Callbacks in CakePHP forms using events

If you ever have the need to inject fields or other things into a form, for example when building a blog or CMS system, you can use the event system that comes with CakePHP. The basic concept can be used every where within the views and is not limited to forms only, but a form is a good example.

You can find the complete sample as working application in the cake2-form-events branch of my Github cakephp-sample repository.

Please note that this sample code is using php 5.4 specific notations.

The form in a view file is dispatching two events, the View.Form.someFormStart and View.Form.someFormEnd event. The places where these callbacks are fired are the places where custom fields or other output is going to be injected by the triggered event listener callbacks.

The event listener class that will inject something to your form events.  I would not write a lot view code in the event listener itself, it is just done for demonstration purpose in this sample, I would always put the additional things I would like to display in an element and only echo that element from the event, to keep the view pieces it will inject separated from the event listener to respect separation of concerns.

You can put your event listeners into App/Event for example. After you’ve created your event listener and saved it to App/Event/FormListener.php you have to attach your listener to the CakeEventManager. In your App/Config/bootstrap.php add this to attach the listener to the global event manager.

The additional_fields element will output the user we fetched in the first event for demonstration purpose to give you an idea of what is possible and how it works and data is made available between the different steps.

I hope you enjoyed the article and learned something. Any kind of critic to improve it is welcome!

Tablel-less models in CakePHP that provide records or act like “enums”

This short article will cover two scenarios, one where you’ll store complete records in a model without a database connection for that model and another solution for enum like data or simply constants that can be wrapped in a model as well to give them a meaning.

Full multi-field records in a model without a database:

We are going to use the ArraySource from the community maintained Datasources plugin for CakePHP. Make sure you pick the right branch from the repository. There is a master (CakePHP 1.3), 2.0 and 2.3 branch available. Chose the branch that matches your projects CakePHP version.

Define a connection to the datasource in your app/Config/database.php:

In your Country model make sure it is using the datasource config you’ve just created and fill the Country::$records property with records:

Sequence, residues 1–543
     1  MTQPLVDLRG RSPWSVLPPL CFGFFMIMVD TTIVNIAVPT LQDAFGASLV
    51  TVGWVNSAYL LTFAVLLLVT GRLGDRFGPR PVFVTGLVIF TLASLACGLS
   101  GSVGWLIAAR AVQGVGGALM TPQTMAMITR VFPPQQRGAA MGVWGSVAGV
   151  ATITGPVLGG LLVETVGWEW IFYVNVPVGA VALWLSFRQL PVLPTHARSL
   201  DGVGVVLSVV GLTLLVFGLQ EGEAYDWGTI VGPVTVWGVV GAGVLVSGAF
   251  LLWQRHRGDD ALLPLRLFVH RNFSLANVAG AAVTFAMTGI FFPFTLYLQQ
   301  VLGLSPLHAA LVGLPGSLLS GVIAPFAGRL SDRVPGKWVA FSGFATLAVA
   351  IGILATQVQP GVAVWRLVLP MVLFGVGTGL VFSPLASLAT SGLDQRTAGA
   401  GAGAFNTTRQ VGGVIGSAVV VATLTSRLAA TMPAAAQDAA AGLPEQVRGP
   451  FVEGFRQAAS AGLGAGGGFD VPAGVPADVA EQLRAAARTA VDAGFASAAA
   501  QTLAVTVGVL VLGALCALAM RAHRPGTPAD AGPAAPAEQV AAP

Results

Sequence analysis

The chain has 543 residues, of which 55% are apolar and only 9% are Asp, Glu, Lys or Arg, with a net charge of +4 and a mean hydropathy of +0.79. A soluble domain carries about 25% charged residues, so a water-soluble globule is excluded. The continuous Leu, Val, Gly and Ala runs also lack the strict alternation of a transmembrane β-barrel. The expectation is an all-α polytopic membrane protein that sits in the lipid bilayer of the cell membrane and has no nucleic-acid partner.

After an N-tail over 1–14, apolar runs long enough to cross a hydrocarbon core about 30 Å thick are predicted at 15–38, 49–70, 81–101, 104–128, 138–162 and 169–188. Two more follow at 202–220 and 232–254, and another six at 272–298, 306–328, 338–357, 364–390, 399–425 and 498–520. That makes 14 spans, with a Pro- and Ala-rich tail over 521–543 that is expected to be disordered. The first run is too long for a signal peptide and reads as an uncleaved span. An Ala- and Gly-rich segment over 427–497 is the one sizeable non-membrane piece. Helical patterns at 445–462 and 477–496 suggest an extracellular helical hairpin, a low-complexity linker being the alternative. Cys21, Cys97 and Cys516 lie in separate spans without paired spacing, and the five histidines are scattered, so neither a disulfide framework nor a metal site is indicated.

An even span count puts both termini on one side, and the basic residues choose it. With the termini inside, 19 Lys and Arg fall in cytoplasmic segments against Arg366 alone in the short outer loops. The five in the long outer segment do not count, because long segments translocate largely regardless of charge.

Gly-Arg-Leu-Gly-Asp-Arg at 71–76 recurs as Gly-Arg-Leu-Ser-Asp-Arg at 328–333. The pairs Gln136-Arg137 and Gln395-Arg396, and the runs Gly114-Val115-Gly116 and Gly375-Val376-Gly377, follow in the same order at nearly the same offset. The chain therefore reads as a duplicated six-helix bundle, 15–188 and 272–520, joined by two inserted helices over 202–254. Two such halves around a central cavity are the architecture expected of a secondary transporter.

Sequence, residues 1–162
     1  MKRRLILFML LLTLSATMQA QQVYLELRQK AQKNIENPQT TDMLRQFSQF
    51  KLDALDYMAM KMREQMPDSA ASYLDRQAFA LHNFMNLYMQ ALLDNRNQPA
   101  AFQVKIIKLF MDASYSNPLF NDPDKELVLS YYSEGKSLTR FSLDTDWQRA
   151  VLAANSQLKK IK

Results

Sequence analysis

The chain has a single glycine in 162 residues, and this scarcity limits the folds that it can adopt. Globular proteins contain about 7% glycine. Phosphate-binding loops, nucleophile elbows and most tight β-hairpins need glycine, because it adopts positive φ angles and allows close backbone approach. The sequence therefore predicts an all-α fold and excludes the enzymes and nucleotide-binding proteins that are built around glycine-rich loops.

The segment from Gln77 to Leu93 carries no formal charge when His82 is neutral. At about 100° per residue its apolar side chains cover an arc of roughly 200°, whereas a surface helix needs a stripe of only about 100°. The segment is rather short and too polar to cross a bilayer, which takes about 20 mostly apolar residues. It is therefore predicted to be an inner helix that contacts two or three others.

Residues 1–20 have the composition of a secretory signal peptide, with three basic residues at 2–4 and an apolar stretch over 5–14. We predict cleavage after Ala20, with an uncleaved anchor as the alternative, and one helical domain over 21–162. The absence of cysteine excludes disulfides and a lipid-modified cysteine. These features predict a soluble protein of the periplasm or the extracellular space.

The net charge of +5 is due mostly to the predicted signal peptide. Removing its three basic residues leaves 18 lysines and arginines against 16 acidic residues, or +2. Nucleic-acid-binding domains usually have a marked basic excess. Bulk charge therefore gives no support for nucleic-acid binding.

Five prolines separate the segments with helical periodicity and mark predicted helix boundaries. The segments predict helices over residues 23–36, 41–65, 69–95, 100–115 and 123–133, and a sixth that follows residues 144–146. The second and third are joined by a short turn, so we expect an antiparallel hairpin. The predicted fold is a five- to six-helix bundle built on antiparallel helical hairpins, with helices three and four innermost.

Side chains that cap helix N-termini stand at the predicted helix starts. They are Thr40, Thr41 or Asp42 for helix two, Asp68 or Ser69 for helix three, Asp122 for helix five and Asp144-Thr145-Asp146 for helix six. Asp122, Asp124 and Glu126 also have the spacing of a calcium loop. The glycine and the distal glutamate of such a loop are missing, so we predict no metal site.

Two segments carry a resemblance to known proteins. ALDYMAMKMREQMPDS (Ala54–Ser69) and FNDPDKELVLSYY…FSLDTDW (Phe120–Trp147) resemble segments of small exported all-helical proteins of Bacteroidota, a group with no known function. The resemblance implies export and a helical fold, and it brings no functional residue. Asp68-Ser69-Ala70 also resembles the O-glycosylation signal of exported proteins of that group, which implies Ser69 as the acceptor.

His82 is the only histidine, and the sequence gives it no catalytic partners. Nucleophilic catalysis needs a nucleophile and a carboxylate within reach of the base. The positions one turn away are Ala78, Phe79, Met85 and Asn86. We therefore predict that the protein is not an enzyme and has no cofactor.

A solution for single fields, enum like data:

If you don’t use a DB table and entries are limited, it is always good to use constants because you can’t do a typo without causing an error somewhere and UserLevel::USER is much more clear than a random ‘user’ string somewhere that could mean anything. Another advantage of this is the situation when you have to update your application because you suddenly get a lot more user models. All you have to do is to refactor your model to use a table then.

The Imagine plugin

The Imagine plugin for CakePHP, which has been available from the CakeDC account on GitHub, was written as a separate plugin, but complementary to my FileStorage plugin.

In the past, the good old CakePHP 1.3 times, we’ve had our Media plugin at the CakeDC which we never released. The main purpose of the plugin was to deal with file uploads, but only to the local system and to process images.

I’ve had to work with a few client projects that used phpthumb, which I’ve learned to dislike because it had its faults and issues. Before reinventing the wheel I simply tried to ask if somebody knows about something modern, OOP, PHP 5+, with unit tests, and had some luck.

Imagine is a modern PHP 5.3 library that provides an interface to different image processing back-ends like gd, imagick and imagick shell. Others can be implemented as well. I really recommend this lib over phpthumb, and suggest you to replace it with Imagine if your project is moving on.

The plugin for CakePHP is basically a wrapper around the Imagine library, that will autoload the library (because CakePHP 2.0 does not have it’s own autoloader until 3.0) and make it available as a behavior. The behavior provides some methods that handle commonly used image operations, like cropping and thumbnails.

Besides that, the plugin comes with a helper and a component, which allows it to generate versions of images on the fly. This was more done for backward compatibility for some apps, rather than being a concept that should be used. In fact, it is not the recommended way to handle this. I’ve written two other articles related to image processing and file storage that explain the issues with that.

Instead of creating images on the fly, which is just putting load on the server all the time, you should create the versions of an image after upload. The Imagine plugin works together with the FileStorage plugin, which can use Imagine to generate whatever images you want, right after upload.

I originally contributed this plugin, which I developed in my own free time, to CakeDC. But now, it is finally going back to my GitHub account, to pull some maintenance work away from the company. I’ll continue to maintain it, and hope you take some time to check it out, and contribute if possible.